Transient ischaemic attack (TIA)

A transient ischaemic attack (TIA) or “mini stroke “is a short lasting reversible episode of neurological symptoms due to the reduction in blood supply to the nervous system. It resolves within 24 hours. If symptoms persist for more than 24 hours it is referred to as a stroke or cerebrovascular accident (CVA).

Transient ischaemic attack

A transient ischaemic attack of the brain may present with vertigo.

A transient ischaemic attack is an important cause of vertigo and dizziness and often lead to stroke that might be irreversible and fatal. It is therefore important to diagnose transient ischaemic attacks early on, conduct investigations and implement preventative measures to avoid stroke.

Occurring more often in older patients, some risk factors have been identified. These include hypertension, smoking, diabetes, hypercholesterolaemia, obesity, family history and heart problems. There are mainly 4 arteries that supply blood to the brain. The 2 carotid arteries in the front at the side of the neck mainly supply the cerebrum of the brain. The two vertebral arteries at the back of the neck supply the brainstem, cerebellum and inner ear. The symptoms a patient may experience depend on the artery involved. When the blood supply in the vertebral arteries is disrupted the lack of oxygen causes brainstem ischaemia. Disruption may be due to a clot, a spasm or rarely a bleed.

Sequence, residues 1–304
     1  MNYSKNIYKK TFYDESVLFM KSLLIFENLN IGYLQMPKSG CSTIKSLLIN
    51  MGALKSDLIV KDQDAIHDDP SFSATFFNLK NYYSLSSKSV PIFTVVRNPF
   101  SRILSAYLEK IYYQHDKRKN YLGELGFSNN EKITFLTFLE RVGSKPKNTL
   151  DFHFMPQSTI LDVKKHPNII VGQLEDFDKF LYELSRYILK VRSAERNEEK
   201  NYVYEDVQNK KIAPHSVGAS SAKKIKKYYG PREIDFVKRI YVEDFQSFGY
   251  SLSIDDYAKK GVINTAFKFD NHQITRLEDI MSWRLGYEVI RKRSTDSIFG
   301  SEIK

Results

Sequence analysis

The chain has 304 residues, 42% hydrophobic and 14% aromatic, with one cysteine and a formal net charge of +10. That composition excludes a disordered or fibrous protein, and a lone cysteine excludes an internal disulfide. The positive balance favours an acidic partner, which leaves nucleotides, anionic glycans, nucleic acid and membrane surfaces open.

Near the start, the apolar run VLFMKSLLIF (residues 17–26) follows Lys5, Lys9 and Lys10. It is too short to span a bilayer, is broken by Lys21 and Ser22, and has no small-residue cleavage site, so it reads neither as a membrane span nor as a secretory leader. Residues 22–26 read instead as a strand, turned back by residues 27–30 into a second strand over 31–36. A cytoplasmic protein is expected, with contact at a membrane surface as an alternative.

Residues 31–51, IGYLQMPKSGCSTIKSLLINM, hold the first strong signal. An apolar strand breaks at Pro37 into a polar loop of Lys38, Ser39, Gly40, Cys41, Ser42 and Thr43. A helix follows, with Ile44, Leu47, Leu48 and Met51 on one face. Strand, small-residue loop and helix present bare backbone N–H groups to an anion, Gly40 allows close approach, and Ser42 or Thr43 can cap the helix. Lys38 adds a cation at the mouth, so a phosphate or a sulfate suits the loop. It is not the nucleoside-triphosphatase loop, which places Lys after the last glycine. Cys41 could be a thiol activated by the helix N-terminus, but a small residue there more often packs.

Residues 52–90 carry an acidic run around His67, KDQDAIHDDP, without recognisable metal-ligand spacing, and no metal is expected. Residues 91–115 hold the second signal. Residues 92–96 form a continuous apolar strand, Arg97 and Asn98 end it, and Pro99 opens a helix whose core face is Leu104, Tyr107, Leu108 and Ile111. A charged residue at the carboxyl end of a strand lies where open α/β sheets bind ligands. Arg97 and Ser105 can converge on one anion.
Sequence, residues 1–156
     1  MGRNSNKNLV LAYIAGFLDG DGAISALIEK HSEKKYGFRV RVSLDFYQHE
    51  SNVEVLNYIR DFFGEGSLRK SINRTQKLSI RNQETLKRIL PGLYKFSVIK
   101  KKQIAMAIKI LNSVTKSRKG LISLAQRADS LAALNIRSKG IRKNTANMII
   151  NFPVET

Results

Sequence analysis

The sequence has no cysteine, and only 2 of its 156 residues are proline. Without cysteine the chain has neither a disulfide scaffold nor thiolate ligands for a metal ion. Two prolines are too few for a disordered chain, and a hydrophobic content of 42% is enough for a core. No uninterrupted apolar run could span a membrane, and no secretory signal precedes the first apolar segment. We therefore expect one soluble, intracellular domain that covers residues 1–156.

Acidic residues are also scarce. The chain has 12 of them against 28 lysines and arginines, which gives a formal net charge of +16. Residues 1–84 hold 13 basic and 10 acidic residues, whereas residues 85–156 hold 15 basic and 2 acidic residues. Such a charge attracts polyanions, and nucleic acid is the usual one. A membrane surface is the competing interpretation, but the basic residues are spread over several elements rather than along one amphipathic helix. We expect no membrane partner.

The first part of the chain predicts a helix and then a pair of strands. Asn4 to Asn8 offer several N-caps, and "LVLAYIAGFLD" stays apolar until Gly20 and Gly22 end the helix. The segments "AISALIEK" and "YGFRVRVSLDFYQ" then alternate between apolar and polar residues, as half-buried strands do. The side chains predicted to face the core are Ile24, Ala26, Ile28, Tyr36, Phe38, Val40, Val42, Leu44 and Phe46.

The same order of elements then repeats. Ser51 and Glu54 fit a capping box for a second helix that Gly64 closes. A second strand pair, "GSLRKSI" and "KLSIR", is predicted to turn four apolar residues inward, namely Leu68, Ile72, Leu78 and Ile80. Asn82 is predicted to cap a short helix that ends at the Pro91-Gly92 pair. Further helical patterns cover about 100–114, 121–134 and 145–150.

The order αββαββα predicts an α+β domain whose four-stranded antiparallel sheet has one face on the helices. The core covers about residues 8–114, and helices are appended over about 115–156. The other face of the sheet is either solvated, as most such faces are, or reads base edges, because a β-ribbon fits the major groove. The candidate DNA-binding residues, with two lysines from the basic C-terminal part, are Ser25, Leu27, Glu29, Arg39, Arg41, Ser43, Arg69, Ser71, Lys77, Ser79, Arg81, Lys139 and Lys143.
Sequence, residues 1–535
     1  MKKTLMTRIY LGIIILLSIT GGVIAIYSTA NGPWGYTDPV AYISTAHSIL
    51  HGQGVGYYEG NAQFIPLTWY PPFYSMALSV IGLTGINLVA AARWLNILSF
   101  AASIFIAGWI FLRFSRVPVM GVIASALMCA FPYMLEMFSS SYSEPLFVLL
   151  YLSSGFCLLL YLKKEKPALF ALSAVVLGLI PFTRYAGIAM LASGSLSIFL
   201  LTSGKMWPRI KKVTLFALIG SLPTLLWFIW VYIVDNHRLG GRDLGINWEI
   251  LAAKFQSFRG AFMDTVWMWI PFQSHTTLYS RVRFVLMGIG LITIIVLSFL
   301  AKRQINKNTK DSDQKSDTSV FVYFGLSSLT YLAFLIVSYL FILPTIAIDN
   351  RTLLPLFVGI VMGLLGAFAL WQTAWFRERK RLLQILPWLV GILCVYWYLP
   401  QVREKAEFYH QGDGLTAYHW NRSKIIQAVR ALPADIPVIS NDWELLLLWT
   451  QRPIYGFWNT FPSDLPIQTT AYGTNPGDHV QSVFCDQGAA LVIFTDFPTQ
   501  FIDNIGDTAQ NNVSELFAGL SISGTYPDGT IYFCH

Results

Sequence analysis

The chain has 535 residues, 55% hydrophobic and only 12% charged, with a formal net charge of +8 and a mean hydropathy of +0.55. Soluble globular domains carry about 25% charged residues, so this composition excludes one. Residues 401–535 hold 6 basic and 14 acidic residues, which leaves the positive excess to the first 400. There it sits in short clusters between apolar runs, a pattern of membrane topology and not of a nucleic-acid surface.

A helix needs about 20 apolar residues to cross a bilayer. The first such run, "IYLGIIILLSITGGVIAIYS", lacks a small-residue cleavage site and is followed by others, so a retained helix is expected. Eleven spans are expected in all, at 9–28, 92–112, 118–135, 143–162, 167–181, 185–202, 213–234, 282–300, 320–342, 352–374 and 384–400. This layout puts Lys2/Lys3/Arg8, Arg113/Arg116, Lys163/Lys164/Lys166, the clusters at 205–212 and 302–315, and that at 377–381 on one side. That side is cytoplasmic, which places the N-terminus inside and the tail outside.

Brainstem ischaemia may cause vertigo and dizziness. It is usually accompanied by other neurological symptoms such as double vision (diplopia), speech impairment, slurring of speech (dysarthria), difficulty swallowing (dysphagia), numbness and poor coordination. Ataxia (broad base gait) may be present. Wallenberg syndrome is a common ischaemic syndrome if the side of the lower brainstem (medulla) is involved.

In rare cases only the blood supply to the inner ear may be disrupted. Such patients may present with vertigo and or hearing loss as the only symptoms. Isolated spells of vertigo and dizziness usually lasts seconds to minutes. It may be difficult to diagnose. In the emergency setting a transient ischaemic attack should be considered as a possible cause for acute vertigo.